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Reject body scanners, boot the TSA

Reject body scanners, boot the TSA

Wayne Hoffman
November 21, 2010
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November 21, 2010

We're witnessing what appears to be a twisted psychological experiment in what indignities Americans are willing to endure in the interest of airport security. First we were told to take our shoes off at the security checkpoint, and most Americans didn't really object to that. Next came the nude scanners, and it's been amazing to watch Americans willingly go subject themselves to humiliation as a condition of their flying experience.

Now, those who have concerns about health risks or invasion of privacy are being subjected to a government-administered groping. The result is a steady stream of complaints from border to border of Americans who have been fondled, harassed, mocked and manhandled. Clearly, TSA is trying to use its police powers to make examples out of anyone who has the temerity to protest the body scanners.

That's bad enough for the adults; parents are now being told they have the ultimate Hobson's choice: irradiate their kids or subject them to fondling by a stranger in a government uniform.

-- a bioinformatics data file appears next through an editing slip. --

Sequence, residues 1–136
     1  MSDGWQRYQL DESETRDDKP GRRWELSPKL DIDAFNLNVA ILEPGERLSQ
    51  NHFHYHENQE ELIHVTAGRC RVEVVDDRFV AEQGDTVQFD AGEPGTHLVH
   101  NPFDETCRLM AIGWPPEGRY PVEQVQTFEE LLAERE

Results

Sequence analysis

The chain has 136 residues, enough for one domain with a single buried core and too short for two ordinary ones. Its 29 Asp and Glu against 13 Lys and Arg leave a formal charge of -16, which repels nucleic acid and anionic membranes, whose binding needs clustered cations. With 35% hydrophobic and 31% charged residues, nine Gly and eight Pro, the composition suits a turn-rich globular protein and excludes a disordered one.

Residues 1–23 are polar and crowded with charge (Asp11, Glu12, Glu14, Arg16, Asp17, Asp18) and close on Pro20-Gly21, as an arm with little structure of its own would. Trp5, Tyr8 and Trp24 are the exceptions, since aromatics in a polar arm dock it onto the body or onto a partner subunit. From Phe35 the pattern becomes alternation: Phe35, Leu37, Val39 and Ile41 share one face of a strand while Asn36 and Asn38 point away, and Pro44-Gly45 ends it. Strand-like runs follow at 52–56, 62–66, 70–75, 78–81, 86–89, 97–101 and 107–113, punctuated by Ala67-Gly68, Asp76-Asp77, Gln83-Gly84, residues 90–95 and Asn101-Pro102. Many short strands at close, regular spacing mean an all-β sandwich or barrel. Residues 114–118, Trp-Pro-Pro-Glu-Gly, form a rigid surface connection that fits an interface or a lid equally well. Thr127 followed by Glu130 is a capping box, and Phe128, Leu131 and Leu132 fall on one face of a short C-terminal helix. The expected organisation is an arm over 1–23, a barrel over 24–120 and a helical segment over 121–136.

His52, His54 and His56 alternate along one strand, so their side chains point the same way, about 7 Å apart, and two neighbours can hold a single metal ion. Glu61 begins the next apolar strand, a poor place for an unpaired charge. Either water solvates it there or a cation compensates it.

The Fourth Amendment protects Americans and their property from unreasonable search and seizure and requires probable cause and warrants before such searches can take place. If the Fourth Amendment hasn't been suspended, it has basically been torn in two by the Transportation Security Administration. The TSA knows not and cares not of the Constitution.

Last winter, Athol Rep. Phil Hart had an ahead-of-its time idea to ban the use of full body scanners in Idaho airports. Hart's bill sailed through the House of Representatives, but got nowhere in the state Senate. The state attorney general's office contends the bill would have been unenforceable, but I'd dispute that. State and local governments have a compelling interest to protect their citizens and to interposition themselves between their residents and the national government when that government goes too far as it has. The Hart legislation needs to come back and be passed.

New York City Councilman David Greenfield, a Democrat, has seized on the concept, and is working to ban the full body scanners from use in NYC. The city owns the airports, Greenfield said, so it has the right to decide what kind of screening is used, "and if the TSA disagrees with us, they can sue us."

Other cities are looking to boot the TSA from their airports, recognizing that federal law allows airports to use private security screeners. Idaho's major airports need to draw the line in the sand and tell TSA to take a hike.

On Wednesday, Americans are urged to engage in a national protest by opting out of the full body scanners. My friends at Idahoans for Liberty will be doing a protest at the Boise airport at noon that day. But I hope the protest continues, today and every day, until each body scanner is removed, dismantled, and the federal government stops its assault on the Constitution and our freedoms.

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